The perivascular space (PVS) of human thymus increases in volume during aging as thymopoiesis declines. Understanding the composition of the PVS is therefore vital to understanding mechanisms of thymic atrophy. We have analyzed 87 normal and 31 myasthenia gravis (MG) thymus tissues from patients ranging in age from newborn to 78 years, using immunohistologic and molecular assays. We confirmed that although thymic epithelial space (TES) volume decreases progressively with age, thymopoiesis with active T-cell receptor gene rearrangement continued normally within the TES into late life. Hematopoietic cells present in the adult PVS include T cells, B cells, and monocytes. Eosinophils are prominent in PVS of infants 2 years of age or younger. In the normal adult and the MG thymus, the PVS includes mature single-positive (CD1a– and CD4+ or CD8+) T lymphocytes that express CD45RO, and contains clusters of T cells expressing the TIA-1 cytotoxic granule antigen, suggesting a peripheral origin. PBMCs bind in vitro to MECA-79+ high endothelial venules present in the PVS, suggesting a mechanism for the recruitment of peripheral cells to thymic PVS. Therefore, in both normal subjects and MG patients, thymic PVS may be a compartment of the peripheral immune system that is not directly involved in thymopoiesis.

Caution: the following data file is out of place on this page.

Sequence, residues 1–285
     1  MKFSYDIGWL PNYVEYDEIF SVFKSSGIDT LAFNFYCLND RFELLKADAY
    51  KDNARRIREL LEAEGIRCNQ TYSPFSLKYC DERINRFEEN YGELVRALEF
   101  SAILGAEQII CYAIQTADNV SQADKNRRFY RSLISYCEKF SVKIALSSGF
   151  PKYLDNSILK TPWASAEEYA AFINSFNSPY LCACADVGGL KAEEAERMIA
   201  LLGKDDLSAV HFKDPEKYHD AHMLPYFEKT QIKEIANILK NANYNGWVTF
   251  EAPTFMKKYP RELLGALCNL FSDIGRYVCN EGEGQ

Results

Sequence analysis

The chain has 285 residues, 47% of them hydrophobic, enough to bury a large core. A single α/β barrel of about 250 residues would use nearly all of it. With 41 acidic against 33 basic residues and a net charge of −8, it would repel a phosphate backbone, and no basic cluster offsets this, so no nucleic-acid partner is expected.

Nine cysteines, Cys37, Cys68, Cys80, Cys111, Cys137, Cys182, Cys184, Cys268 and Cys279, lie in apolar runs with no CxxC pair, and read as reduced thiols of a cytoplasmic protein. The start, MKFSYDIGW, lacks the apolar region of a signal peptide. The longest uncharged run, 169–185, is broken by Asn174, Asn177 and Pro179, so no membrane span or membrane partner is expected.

Kristina G. Flores, Jie Li, Gregory D. Sempowski, Barton F. Haynes, Laura P. Hale